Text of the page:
SBCs or Single Board Computers are a rage among users around the world. From mainstream makers to small, unknown brands, they are engaged in the development and design of the latest single-board computers. One has to understand that single board computers are not built for one-size-fits-all. It is, therefore, essential to pick the right product as per the needs and demands of the users. The market is flooded with multiple options. It is confusing to choose one brand, thereby considering specific benchmarks will help filter the choices.
When a user plans to buy a single-board computer, he/she must consider the power the SBC can consume while operating. When single-board computers are designed, they are incorporated into projects where the power usage of the standard computer is not practical. Thus, the power factor is an important benchmark that is vital to install power sources that can cater to the existing demands of the SBC. A buyer must keep an eye on the power ratings of SBCs under technical specifications and accordingly make the choices.
Central Processing Unit
The ability to implement specific instruction and perform arithmetic functions optimally is the backbone of a single-board computer. One must assess the chip used in a specific single-board computer. Once the user knows about the chip used, he/she is recommended to run searches on the internet. One can find information like speed, core numbers, architecture, etc. Experts believe that the higher the speed, the better the execution of instructions by the CPU.
With the advancement of technology, single board computers are becoming more powerful. The graphics have become so advanced in SBCs that they can be used in low-end gaming machines and home-theatre personal computer devices as well. OpenGL ES and OpenGL versions are commonly used in today’s single-board computers for seamless graphics handling. The graphical potential of a single-board computer can be analyzed by taking a simple graphics evaluation that involves drawing 2D shapes. It is suggested to check the time required for SBC to draw circles in a window.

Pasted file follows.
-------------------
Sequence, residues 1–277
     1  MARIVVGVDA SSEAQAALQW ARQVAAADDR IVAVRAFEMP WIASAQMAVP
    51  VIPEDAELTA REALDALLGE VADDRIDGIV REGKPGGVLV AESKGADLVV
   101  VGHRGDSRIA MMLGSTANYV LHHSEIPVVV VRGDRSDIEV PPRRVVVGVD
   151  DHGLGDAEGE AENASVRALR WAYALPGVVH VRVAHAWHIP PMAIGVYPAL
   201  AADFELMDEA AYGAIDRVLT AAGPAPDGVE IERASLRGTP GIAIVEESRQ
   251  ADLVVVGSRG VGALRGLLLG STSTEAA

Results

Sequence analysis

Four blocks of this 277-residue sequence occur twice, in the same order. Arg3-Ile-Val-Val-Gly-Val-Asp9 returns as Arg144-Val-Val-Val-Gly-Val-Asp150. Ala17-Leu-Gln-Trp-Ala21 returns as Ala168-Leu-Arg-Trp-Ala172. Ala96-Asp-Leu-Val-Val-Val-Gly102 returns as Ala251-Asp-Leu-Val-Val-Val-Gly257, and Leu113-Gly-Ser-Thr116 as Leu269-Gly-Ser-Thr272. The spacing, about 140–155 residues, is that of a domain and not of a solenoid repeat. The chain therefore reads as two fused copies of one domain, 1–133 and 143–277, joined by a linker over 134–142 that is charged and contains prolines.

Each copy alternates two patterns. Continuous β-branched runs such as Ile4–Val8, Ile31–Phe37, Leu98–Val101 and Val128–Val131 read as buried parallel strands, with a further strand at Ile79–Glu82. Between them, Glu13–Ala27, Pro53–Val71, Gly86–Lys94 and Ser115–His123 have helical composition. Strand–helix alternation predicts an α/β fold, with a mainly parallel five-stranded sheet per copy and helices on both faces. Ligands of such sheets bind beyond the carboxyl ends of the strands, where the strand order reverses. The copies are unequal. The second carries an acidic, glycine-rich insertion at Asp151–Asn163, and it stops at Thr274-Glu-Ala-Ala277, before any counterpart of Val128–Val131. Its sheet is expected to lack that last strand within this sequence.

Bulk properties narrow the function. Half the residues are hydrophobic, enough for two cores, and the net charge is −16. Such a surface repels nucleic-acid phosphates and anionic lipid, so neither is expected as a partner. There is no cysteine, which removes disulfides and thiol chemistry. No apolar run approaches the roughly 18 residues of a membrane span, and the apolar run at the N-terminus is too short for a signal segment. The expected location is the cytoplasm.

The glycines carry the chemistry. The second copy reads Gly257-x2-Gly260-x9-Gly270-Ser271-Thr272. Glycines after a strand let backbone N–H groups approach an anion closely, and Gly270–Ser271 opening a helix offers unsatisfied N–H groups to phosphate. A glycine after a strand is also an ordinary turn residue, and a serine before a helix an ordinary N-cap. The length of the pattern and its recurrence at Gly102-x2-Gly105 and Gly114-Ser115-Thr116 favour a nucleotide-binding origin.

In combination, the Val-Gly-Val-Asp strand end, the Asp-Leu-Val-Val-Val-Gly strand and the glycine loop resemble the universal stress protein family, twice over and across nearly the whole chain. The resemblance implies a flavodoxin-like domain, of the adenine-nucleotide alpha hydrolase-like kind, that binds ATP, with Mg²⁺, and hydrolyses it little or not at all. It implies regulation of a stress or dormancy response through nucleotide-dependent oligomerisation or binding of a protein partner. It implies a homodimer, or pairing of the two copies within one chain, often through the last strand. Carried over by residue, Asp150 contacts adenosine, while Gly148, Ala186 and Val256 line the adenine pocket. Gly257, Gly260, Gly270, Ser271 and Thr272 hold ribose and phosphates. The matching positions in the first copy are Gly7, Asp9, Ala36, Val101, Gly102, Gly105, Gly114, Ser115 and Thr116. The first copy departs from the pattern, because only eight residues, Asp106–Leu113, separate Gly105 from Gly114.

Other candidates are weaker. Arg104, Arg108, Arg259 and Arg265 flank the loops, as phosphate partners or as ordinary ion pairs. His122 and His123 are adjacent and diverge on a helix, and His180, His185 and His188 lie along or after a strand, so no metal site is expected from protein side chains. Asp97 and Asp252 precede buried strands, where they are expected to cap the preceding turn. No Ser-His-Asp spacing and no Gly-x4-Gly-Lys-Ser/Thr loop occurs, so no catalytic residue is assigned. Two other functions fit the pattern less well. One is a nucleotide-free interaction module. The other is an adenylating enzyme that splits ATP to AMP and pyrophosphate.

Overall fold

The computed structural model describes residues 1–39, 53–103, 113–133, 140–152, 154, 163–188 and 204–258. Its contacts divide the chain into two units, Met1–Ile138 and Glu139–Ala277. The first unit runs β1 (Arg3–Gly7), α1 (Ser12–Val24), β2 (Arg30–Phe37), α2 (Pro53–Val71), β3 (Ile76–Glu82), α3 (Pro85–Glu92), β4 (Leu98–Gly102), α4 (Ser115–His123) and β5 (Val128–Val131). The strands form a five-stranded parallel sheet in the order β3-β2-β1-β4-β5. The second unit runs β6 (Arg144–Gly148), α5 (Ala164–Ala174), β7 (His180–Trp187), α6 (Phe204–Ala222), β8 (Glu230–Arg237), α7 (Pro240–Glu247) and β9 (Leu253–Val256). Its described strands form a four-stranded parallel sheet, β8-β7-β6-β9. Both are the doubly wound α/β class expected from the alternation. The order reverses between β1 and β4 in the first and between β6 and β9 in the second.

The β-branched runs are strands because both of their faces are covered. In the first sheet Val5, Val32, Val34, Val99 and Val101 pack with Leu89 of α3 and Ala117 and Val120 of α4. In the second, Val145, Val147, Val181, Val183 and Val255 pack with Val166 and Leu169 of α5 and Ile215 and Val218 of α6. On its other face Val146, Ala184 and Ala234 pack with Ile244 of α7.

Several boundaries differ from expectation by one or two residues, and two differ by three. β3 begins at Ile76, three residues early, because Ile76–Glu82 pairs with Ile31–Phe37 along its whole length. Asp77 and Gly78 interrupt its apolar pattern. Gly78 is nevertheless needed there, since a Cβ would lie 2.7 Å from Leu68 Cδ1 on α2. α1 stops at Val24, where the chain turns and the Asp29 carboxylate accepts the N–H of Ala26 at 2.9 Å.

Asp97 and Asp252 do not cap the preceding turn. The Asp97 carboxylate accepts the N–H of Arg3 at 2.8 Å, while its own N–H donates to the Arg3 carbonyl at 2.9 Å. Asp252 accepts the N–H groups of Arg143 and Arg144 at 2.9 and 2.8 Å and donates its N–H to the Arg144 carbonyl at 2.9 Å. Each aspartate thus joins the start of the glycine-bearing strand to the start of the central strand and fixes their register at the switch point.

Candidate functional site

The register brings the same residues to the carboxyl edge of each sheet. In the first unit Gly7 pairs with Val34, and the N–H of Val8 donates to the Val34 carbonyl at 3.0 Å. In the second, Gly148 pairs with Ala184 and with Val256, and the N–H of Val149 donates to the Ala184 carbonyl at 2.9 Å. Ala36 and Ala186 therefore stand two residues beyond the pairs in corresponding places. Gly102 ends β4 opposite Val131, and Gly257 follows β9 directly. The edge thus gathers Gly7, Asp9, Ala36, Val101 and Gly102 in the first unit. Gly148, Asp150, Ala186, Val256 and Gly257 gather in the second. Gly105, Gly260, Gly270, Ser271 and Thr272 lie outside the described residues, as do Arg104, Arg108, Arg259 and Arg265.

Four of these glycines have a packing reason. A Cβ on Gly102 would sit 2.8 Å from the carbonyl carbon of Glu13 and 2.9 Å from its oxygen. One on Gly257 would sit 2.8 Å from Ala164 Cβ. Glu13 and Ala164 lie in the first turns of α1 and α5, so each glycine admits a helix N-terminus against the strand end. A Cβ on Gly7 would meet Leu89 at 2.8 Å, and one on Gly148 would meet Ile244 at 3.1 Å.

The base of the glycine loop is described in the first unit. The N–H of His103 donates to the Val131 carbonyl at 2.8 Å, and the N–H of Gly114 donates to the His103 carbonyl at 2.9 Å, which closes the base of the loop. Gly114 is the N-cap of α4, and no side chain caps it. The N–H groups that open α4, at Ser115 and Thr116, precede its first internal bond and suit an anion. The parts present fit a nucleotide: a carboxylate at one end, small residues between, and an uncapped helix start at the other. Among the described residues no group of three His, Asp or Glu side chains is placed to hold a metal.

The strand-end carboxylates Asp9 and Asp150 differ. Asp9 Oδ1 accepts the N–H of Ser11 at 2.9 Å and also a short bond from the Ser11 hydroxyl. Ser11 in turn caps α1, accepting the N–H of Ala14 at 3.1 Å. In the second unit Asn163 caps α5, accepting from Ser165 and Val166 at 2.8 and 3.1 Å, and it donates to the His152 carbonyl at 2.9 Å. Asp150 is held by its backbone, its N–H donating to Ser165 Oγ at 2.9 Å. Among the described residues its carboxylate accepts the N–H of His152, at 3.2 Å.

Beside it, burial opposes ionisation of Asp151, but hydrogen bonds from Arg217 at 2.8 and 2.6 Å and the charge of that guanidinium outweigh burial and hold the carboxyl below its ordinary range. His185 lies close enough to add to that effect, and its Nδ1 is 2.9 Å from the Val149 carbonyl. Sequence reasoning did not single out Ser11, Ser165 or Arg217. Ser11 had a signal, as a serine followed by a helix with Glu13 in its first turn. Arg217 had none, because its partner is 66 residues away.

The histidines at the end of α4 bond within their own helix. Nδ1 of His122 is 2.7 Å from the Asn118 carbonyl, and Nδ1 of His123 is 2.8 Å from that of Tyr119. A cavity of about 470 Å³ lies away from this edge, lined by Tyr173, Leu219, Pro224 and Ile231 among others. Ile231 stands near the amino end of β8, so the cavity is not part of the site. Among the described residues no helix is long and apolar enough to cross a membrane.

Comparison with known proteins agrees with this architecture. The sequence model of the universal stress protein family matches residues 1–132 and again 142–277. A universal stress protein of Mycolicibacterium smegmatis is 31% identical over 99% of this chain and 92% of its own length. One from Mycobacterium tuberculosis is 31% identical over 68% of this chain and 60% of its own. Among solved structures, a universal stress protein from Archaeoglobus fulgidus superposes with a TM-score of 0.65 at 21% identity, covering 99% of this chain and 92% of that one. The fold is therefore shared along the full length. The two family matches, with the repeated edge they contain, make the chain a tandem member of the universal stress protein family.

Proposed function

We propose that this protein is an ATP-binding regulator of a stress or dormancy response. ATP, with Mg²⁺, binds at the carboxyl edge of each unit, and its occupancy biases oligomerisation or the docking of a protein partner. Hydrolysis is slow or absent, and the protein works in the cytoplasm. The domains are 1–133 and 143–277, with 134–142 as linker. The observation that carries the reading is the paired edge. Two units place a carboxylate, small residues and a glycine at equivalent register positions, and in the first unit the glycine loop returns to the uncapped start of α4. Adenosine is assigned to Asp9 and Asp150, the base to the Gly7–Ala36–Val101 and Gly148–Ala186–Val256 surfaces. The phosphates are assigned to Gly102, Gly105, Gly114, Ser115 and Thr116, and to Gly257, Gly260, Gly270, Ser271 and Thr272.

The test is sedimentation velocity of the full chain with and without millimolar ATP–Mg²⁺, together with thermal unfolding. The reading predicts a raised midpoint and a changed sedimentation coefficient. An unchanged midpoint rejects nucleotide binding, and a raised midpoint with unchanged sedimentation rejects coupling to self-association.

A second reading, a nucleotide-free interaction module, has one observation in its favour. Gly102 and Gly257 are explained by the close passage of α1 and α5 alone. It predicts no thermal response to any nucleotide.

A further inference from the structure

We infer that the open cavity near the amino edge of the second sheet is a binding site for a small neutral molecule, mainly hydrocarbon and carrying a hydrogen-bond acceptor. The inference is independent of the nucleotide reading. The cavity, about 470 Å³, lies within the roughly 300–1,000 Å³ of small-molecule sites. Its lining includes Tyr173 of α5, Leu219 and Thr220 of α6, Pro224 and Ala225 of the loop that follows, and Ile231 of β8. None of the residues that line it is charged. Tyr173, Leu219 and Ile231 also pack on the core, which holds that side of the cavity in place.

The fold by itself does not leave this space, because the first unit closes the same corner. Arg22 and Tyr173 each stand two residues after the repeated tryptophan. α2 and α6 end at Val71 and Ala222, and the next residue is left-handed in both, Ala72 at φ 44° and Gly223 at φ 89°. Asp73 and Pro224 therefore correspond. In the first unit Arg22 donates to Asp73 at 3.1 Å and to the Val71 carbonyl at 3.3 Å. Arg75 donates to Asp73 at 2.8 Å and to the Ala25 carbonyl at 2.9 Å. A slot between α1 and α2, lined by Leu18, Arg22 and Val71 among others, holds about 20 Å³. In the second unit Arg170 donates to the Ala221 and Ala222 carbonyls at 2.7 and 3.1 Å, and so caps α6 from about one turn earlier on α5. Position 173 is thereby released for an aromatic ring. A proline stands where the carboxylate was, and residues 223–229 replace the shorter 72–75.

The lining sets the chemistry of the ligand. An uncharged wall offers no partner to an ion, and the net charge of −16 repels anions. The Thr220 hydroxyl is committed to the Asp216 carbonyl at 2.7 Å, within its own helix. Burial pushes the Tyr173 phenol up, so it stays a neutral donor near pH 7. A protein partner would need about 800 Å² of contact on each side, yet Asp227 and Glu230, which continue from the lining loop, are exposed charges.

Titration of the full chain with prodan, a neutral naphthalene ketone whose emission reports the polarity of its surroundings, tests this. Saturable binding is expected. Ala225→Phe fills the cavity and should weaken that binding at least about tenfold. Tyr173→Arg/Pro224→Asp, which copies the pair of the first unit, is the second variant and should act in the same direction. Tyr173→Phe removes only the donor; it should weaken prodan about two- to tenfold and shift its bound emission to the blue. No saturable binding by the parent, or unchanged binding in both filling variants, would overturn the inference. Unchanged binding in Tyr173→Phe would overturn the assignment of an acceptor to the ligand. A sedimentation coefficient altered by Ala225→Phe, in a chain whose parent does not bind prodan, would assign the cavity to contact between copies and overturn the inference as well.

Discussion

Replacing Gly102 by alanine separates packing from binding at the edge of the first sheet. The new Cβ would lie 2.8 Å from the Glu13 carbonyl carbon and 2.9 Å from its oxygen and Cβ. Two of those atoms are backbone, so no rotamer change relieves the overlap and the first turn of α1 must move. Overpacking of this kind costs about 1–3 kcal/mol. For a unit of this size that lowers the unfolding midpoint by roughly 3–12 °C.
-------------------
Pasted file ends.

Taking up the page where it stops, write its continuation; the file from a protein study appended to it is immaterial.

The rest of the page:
It is the cache that consists of volatile and short-term data and is accessed between the CPU and the memory. Evaluating the RAM is essential when buying a single-board computer. It can be evaluated by testing the potential reading and writing speed of a single-board computer.
The hard drives play a critical role in storing non-volatile data on a computer device. The majority of single-board computers don’t rely on a hard disk. But SBCs are backed up by an SD memory card or flash memory (onboard eMMC). The potential of the flash memory of a single-board computer can be assessed similarly to RAM, which is a reading and writing test of SBCs.
The above-mentioned benchmarks or factors evaluate the functionality and potential of single board computers. The selection of an ideal SBC depends on one’s need and usage. The market is filled with a wide array of SBCs, and it is overwhelming to choose from. The essential benchmarks filter the choices and help pick the suitable SBC.